I want to be clear. I am not a White Supremacist actively seeking the destruction of other races. Neither am I one who rationally believes any of the nonsense about how racially different people are, inferior, flawed, lazy, stupid. I have confronted racist behavior in public, in my congregations, and in my personal life. That said, I have also failed at times. I have failed to say “NO!” when I get offered something before a person of color standing in the same line. I have remained silent when someone utters the racial epithet or tells the cruel racial joke. I have been the recipient of grace and blessing when I didn’t even realize it was taken from someone who had darker skin.

Just because my best friend is black does not mean I’m not a racist. It is simply that by the grace of God (which this friend embodies) I’ve been able to transcend the sin of my people and my soul in what is a small step for humanity, but a big leap for me. Dealing with racism begins with admitting its strangling hold on our culture, our nation and my own soul. Dealing with racism starts with my own repentance – every day – as I resist and reject falling into the cultural notions about my “inherent superiority” because of my color (or lack thereof). Dealing with racism is becoming aware that telling people to “go back to where they came from” is a hurtful and historically racist thing to say and stopping myself from saying it for that very reason.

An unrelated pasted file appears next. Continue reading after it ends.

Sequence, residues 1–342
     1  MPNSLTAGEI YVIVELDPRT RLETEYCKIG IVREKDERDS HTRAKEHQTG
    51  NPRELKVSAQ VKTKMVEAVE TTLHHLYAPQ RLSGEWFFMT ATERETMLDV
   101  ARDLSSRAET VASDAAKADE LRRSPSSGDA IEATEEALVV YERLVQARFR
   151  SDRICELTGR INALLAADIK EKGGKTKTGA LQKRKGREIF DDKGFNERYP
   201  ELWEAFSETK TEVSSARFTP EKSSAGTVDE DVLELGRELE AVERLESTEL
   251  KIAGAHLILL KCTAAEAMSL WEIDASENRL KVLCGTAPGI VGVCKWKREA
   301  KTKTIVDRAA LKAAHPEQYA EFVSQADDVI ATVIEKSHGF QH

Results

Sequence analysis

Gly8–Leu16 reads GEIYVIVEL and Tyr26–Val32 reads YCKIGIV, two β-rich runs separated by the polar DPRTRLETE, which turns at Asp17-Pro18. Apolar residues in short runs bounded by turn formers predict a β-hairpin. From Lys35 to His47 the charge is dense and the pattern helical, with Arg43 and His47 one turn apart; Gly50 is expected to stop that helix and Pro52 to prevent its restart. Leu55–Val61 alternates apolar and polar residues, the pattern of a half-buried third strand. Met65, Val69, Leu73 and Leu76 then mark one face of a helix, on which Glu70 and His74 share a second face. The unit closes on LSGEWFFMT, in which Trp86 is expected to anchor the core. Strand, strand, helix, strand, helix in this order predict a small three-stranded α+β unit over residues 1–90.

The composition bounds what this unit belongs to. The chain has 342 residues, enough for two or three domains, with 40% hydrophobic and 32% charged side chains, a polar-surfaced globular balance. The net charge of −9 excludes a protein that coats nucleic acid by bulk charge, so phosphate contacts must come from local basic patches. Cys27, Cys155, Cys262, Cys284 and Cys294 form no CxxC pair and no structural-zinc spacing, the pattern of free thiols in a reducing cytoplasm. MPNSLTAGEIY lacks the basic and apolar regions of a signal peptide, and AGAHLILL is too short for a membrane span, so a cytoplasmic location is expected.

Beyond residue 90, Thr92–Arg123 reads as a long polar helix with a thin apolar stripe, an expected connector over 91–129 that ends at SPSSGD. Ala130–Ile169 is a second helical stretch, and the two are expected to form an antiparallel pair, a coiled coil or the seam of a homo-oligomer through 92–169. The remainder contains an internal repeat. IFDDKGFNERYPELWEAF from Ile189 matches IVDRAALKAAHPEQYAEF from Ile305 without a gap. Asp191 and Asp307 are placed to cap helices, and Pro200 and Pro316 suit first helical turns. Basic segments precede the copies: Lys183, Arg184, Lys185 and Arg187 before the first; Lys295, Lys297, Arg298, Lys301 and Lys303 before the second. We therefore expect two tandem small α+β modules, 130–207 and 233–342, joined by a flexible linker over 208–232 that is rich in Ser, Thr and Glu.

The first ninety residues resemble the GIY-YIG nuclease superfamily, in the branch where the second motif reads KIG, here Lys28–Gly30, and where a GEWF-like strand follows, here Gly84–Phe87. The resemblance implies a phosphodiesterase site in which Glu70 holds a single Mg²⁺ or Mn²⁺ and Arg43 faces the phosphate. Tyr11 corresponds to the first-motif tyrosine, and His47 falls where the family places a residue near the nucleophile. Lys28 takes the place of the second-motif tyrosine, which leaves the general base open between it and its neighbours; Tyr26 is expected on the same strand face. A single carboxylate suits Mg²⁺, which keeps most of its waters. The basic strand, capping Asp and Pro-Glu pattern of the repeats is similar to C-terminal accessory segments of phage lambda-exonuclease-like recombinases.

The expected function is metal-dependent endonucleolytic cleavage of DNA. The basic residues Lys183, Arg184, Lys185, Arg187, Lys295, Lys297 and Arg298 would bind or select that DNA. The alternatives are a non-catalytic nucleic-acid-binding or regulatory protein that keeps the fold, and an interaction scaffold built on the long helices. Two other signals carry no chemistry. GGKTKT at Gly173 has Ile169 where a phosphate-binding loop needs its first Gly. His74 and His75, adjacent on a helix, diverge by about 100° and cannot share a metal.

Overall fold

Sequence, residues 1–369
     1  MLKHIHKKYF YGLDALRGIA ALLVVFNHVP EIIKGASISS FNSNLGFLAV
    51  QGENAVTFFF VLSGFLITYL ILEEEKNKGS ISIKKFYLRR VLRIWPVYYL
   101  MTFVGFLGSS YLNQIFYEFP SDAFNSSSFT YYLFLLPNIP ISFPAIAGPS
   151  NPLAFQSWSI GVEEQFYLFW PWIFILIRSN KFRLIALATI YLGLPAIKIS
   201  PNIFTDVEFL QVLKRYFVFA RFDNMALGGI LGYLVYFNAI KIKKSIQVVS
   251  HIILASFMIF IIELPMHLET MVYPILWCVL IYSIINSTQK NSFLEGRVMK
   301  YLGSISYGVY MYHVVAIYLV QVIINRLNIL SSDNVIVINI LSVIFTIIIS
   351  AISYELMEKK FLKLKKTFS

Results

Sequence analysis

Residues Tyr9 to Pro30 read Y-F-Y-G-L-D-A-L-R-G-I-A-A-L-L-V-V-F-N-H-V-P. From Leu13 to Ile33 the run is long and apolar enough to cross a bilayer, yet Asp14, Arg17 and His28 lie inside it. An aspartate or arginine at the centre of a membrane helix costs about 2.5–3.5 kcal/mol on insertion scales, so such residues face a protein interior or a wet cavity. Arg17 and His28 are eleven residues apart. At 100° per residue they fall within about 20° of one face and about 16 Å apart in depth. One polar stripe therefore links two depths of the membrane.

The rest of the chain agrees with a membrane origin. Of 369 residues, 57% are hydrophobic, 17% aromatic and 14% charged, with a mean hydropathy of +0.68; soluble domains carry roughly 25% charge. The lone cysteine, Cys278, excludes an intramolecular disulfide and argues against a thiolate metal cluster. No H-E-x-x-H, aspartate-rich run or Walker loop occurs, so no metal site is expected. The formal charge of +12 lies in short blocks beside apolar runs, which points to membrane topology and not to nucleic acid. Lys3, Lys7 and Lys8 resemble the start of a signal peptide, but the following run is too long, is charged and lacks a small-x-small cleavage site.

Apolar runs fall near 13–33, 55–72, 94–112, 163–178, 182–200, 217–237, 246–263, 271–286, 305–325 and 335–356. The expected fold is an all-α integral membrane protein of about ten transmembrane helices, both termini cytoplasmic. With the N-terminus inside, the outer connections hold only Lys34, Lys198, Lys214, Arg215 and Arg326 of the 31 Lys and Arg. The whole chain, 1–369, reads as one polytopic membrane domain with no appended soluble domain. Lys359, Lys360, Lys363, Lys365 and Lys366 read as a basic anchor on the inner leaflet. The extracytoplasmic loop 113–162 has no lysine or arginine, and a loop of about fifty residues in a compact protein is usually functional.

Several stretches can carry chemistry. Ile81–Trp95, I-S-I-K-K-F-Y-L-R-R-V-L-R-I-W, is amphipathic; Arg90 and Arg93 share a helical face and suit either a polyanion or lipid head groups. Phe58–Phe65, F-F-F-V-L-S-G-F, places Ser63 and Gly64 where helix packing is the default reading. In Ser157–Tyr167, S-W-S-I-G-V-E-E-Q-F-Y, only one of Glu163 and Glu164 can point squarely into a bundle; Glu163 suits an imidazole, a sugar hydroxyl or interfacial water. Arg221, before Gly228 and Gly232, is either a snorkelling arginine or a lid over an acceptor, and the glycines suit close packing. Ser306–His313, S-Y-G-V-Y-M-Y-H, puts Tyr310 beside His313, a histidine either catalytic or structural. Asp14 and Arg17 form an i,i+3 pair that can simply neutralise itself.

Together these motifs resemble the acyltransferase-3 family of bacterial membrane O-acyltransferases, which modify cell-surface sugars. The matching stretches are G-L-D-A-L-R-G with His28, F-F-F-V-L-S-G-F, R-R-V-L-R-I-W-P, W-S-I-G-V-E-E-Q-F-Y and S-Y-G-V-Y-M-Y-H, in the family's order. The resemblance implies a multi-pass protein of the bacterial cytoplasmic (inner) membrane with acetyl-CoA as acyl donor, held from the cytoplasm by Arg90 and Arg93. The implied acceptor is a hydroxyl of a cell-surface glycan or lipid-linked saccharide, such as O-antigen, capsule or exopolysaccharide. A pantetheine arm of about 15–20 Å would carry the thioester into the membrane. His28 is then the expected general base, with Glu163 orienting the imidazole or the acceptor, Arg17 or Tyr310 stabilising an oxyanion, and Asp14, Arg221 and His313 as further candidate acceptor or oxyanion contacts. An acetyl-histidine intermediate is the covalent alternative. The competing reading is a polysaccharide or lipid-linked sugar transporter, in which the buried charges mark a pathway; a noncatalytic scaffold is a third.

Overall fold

Lenny Duncan, an ELCA pastor writes in his book, Dear Church: A Love Letter from a Black Preacher to the Whitest Denomination in America, “Passivity is the new engine of systemic racism. You just have to believe that this is the way things are.”  Being an active racist who utters inflammatory words or engages in hateful, violent behavior and being a passive racist who does nothing or ignores the truth fuels the same sin and feeds the evil that still works to destroy us.

I am a racist. I am called by my faith every day to beat back the lies and evil that try to tell me I am superior to someone because of my skin color; to resist racist speech, thought, violence, injustice in my own life and the life of the world. My place is to stand with those victimized by racism and against those who perpetuate it. Of this, I am certain, because Jesus is my Lord (a Palestinian) who told me to love everyone – no matter what.